• What do we know about future performance characteristics?


  • How much downtime is acceptable to production components during implementation?


  • How much downtime is acceptable for routine maintenance?


  • How much downtime is acceptable for upgrades and architectural changes?


  • >When do you need each piece of the solution to be complete?


  • Conduct a Physical Assessment

    You should now have the location of every piece of hardware that currently exists. In addition, you should know where each piece of hardware in the eventual SAN will be located.

    Look at each piece of hardware. Make sure that it does exist, and has all necessary pieces to function. This could include things like power cords, keyboard, mouse, monitor, Ethernet card, Ethernet cable, HBAs, and Fibre Channel cables. Note the physical dimensions of the hardware, and its power/cooling requirements. Does it rack mount? Does it have a network interface? How many Fibre Channel interfaces does it have? How much does it weigh? You should already have this information from the interview process, but you should verify that the information you were given is correct.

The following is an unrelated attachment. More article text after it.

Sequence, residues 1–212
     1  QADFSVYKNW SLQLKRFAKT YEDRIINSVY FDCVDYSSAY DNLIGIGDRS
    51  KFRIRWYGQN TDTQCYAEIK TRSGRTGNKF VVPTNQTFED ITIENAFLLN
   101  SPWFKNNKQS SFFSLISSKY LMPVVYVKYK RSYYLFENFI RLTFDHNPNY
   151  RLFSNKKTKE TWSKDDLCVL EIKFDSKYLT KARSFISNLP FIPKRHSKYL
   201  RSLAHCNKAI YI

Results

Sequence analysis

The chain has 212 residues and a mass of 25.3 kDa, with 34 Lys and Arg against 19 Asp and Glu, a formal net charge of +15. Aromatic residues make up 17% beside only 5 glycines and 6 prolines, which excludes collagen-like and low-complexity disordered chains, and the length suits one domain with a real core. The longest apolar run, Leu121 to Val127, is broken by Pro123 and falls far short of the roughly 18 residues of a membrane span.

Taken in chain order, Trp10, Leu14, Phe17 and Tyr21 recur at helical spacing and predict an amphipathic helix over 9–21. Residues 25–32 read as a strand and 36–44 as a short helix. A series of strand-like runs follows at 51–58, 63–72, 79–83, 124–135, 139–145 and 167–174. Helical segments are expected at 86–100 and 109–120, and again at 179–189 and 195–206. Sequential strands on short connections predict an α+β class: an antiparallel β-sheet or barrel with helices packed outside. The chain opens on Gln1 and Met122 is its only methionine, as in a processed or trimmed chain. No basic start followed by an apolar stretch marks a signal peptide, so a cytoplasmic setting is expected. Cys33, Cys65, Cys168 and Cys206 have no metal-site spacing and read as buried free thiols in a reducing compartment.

Go to each location where SAN equipment or nodes will be installed, and again check to see that your information was correct. Notice how the equipment will fit into the space available. Notice how the equipment will enter the building. You should also have a meeting with the person in charge of the facility to discuss power, cooling, and equipment locations.

    Click here to buy book

    Building SANs with Brocade Fabric Switches

    Authors
    Josh Judd is a Senior SAN Architect with Brocade Communications Systems, Inc. In addition to writing technical literature, he provides senior-level strategic support for major OEMs and end-users of Brocade storage network products worldwide. Chris Beauchamp (Brocade CFP, CSD) is a Senior SAN Architect for Brocade Communication Systems, Inc. Chris focuses on SAN design and architecture, with an emphasis on scalability and troubleshooting. Alex Neefus is the Lead Interoperability Test Engineer at Lamprey Networks, Inc. Alex has worked on developing testing tools for the SANmark program hosted by the FCIA. Benjamin F. Kuo is a Software Development Manager at TROIKA Networks. Headquartered in Westlake Village, CA, TROIKA Networks is a developer of Fibre Channel Host Bus Adapters, dynamic multipathing, and management software for Storage Area Networks.


    By Josh Judd, Chris Beauchamp, Alex Neefus and Benjamin F. Kuo

    Analyzing the Collected Data

    Now that you have collected information from all key stakeholders in the project, and verified the accuracy of this information, you will analyze it to determine the characteristics of the required solution. When you have completed this process, you will have a list of technical requirements, and an ROI analysis to justify the project.